1955 is $100 in MS67 and reaches $700 with FB. 1955-D and 1955-s have similar mintages of under 20 million each. 1955-D is worth $115 in MS67 and $185 with FB, but an MS68FB is an amazing $7,000! 1955-S is just $45 in MS67 and $1,400 with FB, which shows why it is important to study those details.
The 1996-W is the only Mint State dime with that mintmark and the lowest mintage BU coin of the series with 1,457,000 struck. It was issued as a bonus coin in that year’s mint set of 11 coins to mark the dime’s 50th anniversary. The top grade for this one is MS69, with seven graded by PCGS in that condition worth an estimated $400 each, while an MS67 is worth only about $30. Thousands have been graded in High Mint State, but there must be more MS69s out there waiting to be found!
The only Reverse Proof coin is the 2015-P, with a mintage of 75,000 that was part of the three-coin silver set for the 75th anniversary. This coin is worth $50 in SP69 and $90 in PR70 but sold for more when the sets were first issued.
Most Valuable Roosevelt Dimes
The really valuable coins of this series are the many errors and varieties, which are mostly found among the Proof issues that are missing the mintmarks they should have.
The best-known is the 1968 No-S coin that was part of that year’s clad Proof set, with only 18 Cameo-free examples graded by PCGS and another 14 Proofs certified Cameo. The record is almost $49,000 paid for an MS68 DCAM. Even in Proof 64 and 65, the coin is worth $12,000. Check your 1968 Proof sets!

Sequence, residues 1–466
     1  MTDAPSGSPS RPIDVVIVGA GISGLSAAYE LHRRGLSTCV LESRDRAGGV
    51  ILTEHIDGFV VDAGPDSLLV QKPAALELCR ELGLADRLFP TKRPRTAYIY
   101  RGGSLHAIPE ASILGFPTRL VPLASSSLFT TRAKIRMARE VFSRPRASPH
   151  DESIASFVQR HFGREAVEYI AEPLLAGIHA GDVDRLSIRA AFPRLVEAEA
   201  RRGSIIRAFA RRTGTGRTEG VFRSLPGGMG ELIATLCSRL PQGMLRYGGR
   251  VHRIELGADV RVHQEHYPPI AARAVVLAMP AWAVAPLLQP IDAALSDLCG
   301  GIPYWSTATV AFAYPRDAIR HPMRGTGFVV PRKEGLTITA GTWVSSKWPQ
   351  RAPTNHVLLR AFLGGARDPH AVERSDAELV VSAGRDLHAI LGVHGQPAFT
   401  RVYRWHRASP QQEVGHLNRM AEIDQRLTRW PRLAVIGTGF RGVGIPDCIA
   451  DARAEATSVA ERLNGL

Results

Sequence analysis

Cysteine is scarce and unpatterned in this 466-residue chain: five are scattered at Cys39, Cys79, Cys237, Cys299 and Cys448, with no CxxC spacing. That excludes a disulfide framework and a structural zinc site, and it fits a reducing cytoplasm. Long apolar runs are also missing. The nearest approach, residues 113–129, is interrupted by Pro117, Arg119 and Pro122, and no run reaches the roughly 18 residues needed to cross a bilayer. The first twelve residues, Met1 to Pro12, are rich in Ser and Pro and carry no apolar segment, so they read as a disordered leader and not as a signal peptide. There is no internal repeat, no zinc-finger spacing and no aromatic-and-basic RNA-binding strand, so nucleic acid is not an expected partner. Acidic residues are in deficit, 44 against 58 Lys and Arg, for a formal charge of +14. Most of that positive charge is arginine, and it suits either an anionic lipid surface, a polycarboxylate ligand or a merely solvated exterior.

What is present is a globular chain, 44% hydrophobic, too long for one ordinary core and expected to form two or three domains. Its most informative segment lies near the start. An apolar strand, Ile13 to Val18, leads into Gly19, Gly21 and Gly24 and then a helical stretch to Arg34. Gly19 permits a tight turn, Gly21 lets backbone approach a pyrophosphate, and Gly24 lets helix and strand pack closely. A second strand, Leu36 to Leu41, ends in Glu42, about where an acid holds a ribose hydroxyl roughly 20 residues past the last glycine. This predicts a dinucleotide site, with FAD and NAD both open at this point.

Other missing mintmarks proofs include the 1970 no-S, the 1975 no-S, the 1982 no-P, and the 1983 no-S. The king of the series is the 1975 no-S with just two known examples – an amazing modern rarity that sold for a record of $456,000 in 2019!
There are also double die coins like the 1960 double die obverse and the reverse doubled dies in 1963 and 1964-D, among others. Condition rarities also make strong showings, with some being worth about $10,000 each in MS68FB.
Yet while the chances of finding these super-rare issues are not high, there may be more examples out there “in the wild”.
Whether you want a basic Mint State set of just the silver coins, a set of Proofs, or both… or perhaps a full graded set of all silver and clad issues including all but the rarest of varieties, there are many different ways to collect and enjoy Roosevelt dimes.